I wouldn’t be keeping it authentic if I didn’t also mention authors will have to account for shipping, state tax, and whatever website fees are associated with their platform of choice. The benefit, however, to selling direct is that the author doesn’t have to wait 30-60 days to get paid.
If the author got ten print book sales at $20 through their author website, they’ve already made $200 and $200 in the age of COVID-19 can be very helpful to families. Consider that most Indie Authors with day and night jobs are either working from home or not working at all. People are being fired, furloughed, and layed off left and right. Besides this, if we are being honest, some Indie Authors don’t even see $200 in royalty checks from Amazon from their Self-Published books.
Of course, there are pros and cons to everything. The major pros have already been stated, you are helping a small business to keep going at a time when money is scarce for everyone. The cons for authors include:
- Not having the sale go toward your Amazon sales or ranking.
- You must have the right to sell through your website first. You can’t, for example, sell your digital book anywhere outside of Amazon while enrolled in the KDP Select program and if you are signed with a publisher (includes Indie Publishers) you might be restricted from selling your print book through your own website depending on the details of your contract. You will have to check this and see.
“Many authors are so obsessed with chart rankings on Amazon that they forget the point is to reach readers who love our books — and for many of us, make a living with our writing. Selling direct enables readers to support us and money to arrive in our bank accounts quickly — but you will not see a spike in your Amazon rankings. So what do you really want?” – Joanna Penn
Here are ways to help Indies Amid the COVID_19 Pandemic:
- Buy Directly From the Author (from their Website) If You Can.
- Those ebook sales do add up. If you can’t afford the print book, buy the digital book.
- Be sure to leave a review on Amazon so the author can attract more readers and get more sales.
Read Joanna Penn’s entire article “How To Sell Your Books Directly To Readers And Get Paid Immediately” here.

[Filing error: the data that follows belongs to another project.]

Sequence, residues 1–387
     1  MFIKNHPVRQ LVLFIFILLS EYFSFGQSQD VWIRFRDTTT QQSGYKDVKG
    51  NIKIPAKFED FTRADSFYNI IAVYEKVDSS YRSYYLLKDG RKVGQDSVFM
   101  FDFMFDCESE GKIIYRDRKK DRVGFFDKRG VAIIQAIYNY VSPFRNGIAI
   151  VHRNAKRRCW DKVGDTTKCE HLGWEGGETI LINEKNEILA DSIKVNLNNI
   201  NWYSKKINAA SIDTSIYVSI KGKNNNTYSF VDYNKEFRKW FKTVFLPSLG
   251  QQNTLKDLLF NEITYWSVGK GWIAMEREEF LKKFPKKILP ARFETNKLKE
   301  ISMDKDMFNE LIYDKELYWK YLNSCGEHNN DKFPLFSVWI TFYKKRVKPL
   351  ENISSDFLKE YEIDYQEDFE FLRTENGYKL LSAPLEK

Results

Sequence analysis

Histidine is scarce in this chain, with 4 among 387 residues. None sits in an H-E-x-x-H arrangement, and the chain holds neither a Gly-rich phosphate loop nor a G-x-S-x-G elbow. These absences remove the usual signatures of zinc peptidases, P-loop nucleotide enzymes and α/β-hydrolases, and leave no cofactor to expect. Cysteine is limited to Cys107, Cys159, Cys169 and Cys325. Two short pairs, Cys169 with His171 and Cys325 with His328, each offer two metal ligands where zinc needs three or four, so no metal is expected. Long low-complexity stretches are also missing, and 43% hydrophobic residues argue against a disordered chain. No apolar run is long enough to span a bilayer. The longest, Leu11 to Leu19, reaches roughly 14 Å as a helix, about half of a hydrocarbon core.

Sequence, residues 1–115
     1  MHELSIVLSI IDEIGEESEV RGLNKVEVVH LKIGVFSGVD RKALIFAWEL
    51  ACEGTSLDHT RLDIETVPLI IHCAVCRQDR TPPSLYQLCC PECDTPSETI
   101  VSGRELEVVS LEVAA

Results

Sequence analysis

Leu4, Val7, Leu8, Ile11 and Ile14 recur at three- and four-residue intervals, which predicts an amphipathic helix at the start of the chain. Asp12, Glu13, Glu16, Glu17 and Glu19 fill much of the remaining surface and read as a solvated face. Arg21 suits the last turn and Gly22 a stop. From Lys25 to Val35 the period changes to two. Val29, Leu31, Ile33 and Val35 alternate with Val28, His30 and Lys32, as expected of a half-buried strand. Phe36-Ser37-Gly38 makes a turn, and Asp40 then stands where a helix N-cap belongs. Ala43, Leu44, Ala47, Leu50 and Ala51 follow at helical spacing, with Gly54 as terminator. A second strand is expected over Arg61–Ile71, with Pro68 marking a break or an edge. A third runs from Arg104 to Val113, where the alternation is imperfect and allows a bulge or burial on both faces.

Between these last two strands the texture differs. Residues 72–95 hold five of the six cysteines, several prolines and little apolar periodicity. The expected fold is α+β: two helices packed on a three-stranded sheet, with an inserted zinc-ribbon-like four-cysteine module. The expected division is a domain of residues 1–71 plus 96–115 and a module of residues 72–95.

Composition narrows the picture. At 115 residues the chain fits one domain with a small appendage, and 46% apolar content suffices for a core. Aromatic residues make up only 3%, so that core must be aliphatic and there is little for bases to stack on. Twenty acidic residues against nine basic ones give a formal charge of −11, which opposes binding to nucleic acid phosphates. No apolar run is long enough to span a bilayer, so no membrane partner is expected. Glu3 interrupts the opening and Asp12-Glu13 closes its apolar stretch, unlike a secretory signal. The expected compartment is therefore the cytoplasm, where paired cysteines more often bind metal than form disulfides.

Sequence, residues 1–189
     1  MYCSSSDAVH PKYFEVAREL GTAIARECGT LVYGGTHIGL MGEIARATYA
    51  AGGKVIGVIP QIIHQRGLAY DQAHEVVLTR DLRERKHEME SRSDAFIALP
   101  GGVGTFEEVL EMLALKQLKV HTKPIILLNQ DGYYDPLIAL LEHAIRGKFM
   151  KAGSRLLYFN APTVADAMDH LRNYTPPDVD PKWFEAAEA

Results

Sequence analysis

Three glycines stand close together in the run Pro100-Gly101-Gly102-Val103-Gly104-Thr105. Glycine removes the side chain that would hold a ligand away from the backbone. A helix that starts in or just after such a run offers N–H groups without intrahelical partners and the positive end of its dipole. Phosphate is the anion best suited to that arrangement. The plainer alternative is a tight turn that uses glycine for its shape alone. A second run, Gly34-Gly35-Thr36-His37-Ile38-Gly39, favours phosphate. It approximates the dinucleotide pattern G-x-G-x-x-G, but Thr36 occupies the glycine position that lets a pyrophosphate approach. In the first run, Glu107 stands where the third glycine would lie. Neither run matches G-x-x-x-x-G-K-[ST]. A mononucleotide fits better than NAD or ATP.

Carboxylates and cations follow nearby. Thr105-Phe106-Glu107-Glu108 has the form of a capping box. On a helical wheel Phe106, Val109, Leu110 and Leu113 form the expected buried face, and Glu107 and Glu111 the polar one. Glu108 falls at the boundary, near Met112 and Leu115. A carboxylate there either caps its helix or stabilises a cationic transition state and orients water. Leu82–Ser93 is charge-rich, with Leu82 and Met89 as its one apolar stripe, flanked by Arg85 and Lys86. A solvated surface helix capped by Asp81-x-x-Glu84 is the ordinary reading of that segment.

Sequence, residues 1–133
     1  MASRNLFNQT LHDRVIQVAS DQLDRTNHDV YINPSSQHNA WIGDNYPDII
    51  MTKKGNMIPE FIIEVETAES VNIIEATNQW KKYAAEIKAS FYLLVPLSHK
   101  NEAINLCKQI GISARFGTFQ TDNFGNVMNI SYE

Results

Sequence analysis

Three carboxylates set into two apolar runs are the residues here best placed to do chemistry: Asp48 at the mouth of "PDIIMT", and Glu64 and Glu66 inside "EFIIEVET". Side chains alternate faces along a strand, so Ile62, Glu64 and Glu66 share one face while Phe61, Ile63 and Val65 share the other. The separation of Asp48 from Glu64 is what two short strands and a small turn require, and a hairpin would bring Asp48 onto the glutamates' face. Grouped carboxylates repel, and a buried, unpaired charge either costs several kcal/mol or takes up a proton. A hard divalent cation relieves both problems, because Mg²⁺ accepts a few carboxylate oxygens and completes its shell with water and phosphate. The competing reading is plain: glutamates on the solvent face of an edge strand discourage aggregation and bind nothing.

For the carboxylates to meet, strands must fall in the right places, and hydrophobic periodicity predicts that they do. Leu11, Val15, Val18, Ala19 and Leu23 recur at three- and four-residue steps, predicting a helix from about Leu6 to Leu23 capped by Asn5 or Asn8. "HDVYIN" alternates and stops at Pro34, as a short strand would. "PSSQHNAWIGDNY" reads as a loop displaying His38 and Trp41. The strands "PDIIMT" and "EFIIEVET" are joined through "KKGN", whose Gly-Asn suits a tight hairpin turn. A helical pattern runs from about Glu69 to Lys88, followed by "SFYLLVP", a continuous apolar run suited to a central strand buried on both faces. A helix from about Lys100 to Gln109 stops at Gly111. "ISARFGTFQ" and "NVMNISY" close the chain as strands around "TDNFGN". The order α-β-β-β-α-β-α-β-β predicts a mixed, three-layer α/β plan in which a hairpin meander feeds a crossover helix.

Book 2 is on the way! Get started on Book One.
Order a Signed Paperback* Here
Get it in ebook here.
*Due to the COVID-19 Pandemic, stay-at-home, and shelter in place policies I am shipping books in shifts so I don’t have to keep going out. If you want to be included in this week’s shipment, be sure to place your print book order today so you don’t miss it! Paperbacks are signed and includes my author seal.
Want more Indie Author Tips? I’ve written over 50 articles sharing my tips, process, and publishing journey as an Indie Author. You can find them on this page. Enjoy!
Book one is out and we are on to book two!
My main challenge for book two is making sure that it stays consistent with book one. This is important for any series, but for Historical Fiction, it is even more critical.
Since writing Historical Fiction is writing set in a time that has already occurred, the details of the past must be realistic to what was going on. A good Historical Fiction book places fictional characters somewhere in a world that has already existed in a way that reads authentic. Readers should be able to reimagine what that world was like by immersing themselves in the life of the characters and the world around them. I like to think of it as a time machine, which is also what makes writing #Histfic fun to me.
Style, Language, Dialogue
Like book one, book two opens in 1996 and picks up where we left off at Mama Sidney’s house in book one. But book two also takes us back into the life of Mama Sidney, and we revisit history from the 1920s through the 60s. My focus for book two was to make sure the dialogue, language, racial and political events occurring during this time were realistic to what was happening in the world. We talk about The Great Depression and touch on the reoccurring lynchings taking place in both the north and south. We look at the brutal murder of Emmett Till, the shooting of Dr. King, Jim Crow Laws, and The Black Panther Party. While I immerse Stella in her own world, there is still the larger world to deal with and we watch how she navigates both. How does Stella’s personal identity crises correlate to the identity crises plaguing her larger community?
The biggest thing to deal with for book two is the racial classifications of blacks during this period. African Americans are the only people whose racial terminology has changed with the census. We have been “Niggers,” Negros, Coloreds, Blacks, and African Americans, and this can get confusing when trying to use the right term for the right year. This is also not to mention other racial “nicknames” we called ourselves, such as Afro-American and The New Negro.